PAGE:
What is Vine, Twitter's Hot New Thing?

The return of the Long Photo.

Twitter has launched a new app, Vine, "that lets you create and share beautiful, short looping videos". The company is taking a interesting stance with the service, launching it as a standalone app and network — albeit one with strong hooks into Twitter. Its success, and failure, is less guaranteed than it might be otherwise.

What is it?

At its heart, Vine lets you make and share six-second video clips. The app is clearly heavily influenced by the rebirth of the animated gif, because the videos automatically start playing, are muted by default (though a click turns sound on), endlessly loop, and must be between three and six seconds long. You aren't going to be making movies with these, or even any sort of narrative video clip at all — it's purely for sharing "moments".

The idea hearkens back, for me, to when Flickr added video support in 2008. The company branded its videos "long photos", and capped them at 90 seconds. The motive was clearly to encourage the same non-narrative video creation as Vine, but Flickr messed up. In an extraordinarily prescient post, Matt Jones argued that the key to turning a video clip into a "long photo" isn't the length, but the looping:

Think about all the tiny clips you’ve played again and again on the internet just to see one aspect, one moment, act out – a goal or a dramatic chipmunk.

Not stories, but toy moments.

Think about those moving photos imagined in cheesy science fiction films or Harry Potter movies.

Tiny loops of video perhaps are the real long photos…

Remember that that was written four years before the animated gif made its resurgence. Vine's plan is to make good on the promise of the gif, and it could work — unless the venerable file format (it's older than I am) has the market stitched up for good.

The other area of genuine innovation that Vine offers is in its recording technique. Rather than hitting a "record" button and snapping six seconds of video straight, the app asks you to touch the screen to record. It lets you make pseudo-stop-motion videos with ease, and doubles-down the focus on moments rather than narrative. (That's not to say that there isn't the possibility for micro-narratives, however.)

The limitations are as important as what is included. Vine offers no option for editing after you've recorded, nor does it let you import videos taken or downloaded elsewhere. And (though this may be an oversight) only the person who made the video has the option to share the link to it — if they decide to keep it in Vine alone, there is no way (that I can tell) for anyone else to get the link to it.

How do they work with Twitter?

Just as curious about the service itself is its integration with its parent company. Vine was acquired by Twitter in 2012, but the acquisition was assumed to be an "acqhire" — the site was still in private beta, but the founders already had pedigree even then (one of them had created travel site Jetsetter). There is still a chance that that is the case, of course — Twitter may have felt they'd acquired a product so nearly ready for release that there was no point scrapping it — but it seems the company has high hopes for Vine.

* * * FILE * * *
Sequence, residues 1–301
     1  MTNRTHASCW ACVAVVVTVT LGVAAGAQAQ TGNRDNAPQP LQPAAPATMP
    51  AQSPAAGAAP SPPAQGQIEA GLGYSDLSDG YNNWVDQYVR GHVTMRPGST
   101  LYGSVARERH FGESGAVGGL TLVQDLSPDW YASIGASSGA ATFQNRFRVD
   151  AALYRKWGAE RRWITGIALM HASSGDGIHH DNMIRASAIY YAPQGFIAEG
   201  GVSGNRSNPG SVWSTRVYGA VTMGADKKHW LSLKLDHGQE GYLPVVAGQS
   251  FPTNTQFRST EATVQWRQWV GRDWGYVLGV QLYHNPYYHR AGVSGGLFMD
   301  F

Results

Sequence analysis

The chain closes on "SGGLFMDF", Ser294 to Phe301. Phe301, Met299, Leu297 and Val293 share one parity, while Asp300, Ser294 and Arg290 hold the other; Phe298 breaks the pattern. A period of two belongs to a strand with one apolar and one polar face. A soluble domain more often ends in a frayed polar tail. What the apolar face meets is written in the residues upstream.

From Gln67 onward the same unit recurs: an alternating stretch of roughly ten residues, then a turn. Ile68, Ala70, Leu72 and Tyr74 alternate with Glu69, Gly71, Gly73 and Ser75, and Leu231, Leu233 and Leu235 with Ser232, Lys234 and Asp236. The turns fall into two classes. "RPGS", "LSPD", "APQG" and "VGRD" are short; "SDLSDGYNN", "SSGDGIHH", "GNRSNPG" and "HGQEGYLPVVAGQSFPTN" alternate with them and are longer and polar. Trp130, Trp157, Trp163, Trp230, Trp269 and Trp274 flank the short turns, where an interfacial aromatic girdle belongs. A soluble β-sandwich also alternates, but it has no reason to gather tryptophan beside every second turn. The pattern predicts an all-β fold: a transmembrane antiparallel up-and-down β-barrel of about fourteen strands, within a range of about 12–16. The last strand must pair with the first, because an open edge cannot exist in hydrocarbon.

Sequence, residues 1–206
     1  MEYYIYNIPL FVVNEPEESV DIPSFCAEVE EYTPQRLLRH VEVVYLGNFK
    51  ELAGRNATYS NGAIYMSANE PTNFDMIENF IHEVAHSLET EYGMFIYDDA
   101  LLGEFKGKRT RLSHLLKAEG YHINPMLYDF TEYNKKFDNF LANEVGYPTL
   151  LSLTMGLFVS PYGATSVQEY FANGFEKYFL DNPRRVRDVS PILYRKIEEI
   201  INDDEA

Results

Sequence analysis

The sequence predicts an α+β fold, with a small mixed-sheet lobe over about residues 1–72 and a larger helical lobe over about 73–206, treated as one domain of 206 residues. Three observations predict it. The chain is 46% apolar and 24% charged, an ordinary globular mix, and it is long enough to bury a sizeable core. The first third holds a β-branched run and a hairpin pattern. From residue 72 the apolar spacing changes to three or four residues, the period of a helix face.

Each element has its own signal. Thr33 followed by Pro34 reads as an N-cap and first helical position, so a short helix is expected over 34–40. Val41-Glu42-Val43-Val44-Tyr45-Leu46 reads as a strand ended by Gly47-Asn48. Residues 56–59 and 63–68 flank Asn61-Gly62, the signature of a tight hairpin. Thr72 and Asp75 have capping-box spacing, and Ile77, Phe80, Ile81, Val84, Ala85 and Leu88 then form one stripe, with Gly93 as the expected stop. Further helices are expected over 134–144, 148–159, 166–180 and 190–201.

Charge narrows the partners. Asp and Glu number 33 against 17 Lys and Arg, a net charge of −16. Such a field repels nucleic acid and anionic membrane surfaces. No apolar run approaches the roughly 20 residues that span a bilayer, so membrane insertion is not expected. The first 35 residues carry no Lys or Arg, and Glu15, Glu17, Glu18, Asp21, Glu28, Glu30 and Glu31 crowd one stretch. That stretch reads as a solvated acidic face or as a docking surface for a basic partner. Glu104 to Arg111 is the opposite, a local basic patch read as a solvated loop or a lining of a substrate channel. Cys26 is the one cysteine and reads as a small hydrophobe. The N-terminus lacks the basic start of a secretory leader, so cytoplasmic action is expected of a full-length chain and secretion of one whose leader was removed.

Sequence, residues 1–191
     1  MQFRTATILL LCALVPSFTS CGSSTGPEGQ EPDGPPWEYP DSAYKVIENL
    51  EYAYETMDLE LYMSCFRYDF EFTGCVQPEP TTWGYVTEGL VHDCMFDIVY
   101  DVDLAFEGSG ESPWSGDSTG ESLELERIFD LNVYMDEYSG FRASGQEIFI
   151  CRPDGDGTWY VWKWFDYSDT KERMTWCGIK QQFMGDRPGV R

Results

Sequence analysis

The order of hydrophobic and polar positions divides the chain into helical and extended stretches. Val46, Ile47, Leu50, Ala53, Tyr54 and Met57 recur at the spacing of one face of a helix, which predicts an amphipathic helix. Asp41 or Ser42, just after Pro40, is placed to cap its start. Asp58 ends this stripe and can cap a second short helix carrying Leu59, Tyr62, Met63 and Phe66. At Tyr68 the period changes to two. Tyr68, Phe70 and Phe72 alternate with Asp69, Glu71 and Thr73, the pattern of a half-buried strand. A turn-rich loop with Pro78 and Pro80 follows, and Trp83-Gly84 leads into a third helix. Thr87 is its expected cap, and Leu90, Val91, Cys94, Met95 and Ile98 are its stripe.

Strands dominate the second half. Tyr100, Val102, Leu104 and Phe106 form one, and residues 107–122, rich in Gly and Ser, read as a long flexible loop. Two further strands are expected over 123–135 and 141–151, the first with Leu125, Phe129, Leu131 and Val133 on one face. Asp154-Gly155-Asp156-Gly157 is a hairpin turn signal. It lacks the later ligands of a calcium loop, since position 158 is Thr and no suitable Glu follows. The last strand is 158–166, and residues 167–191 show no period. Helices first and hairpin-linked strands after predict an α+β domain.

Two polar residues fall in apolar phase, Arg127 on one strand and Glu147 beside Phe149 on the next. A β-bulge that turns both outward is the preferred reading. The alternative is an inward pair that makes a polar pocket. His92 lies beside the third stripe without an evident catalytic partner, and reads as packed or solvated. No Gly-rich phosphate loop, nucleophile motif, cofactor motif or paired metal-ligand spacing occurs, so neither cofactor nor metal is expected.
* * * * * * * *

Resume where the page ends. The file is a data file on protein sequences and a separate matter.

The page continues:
It's possible to use the service without Twitter at all. One can sign up with an email address, and then not export any video from Vine. But Twitter is clearly hoping that most users will integrate the two services fully. You can also sign up with your Twitter account, and share every post to Twitter by default (interestingly, Facebook is also supported, as the only other sharing partner). Twitter has implemented Card support, allowing Vine videos to auto-play on the Twitter web client itself.

Still, it's a curious decision on the part of the company to allow Vine to continue as a company-within-a-company (seemingly similar to Facebook's relationship with Instagram). There is no pre-existing network of users to placate, and surely requiring an app download and new account, no matter how frictionless it is, will limit uptake of the service. There may be contractual or technical reasons for the decision, of course, but it seems odd nonetheless.

Does it have a hope?

The real question for Vine is whether or not Twitter will put its resources into encouraging its massive user base to join the new service. If it does, it's guaranteed at least a modicum of success; if it doesn't, and limits its cross-promotion to just a post on the company blog, Vine's job will be a lot harder.

I think the service has a lot of potential. For whatever reason, other people's videos tend to be far less appealing to us than other people's photos. By encouraging us to treat the former like the latter — in both creation and consumption — there's a chance that Vine could capture a niche that no-one else has quite been able to. But it relies on its users learning a new way to record and share their lives — and on feeling that that is something they need.

Photograph: Getty Images

Alex Hern is a technology reporter for the Guardian. He was formerly staff writer at the New Statesman. You should follow Alex on Twitter.

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Donald Trump brings home his dark vision of America at the Republican convention

The Presidential nominee pledged: "Safety must be restored."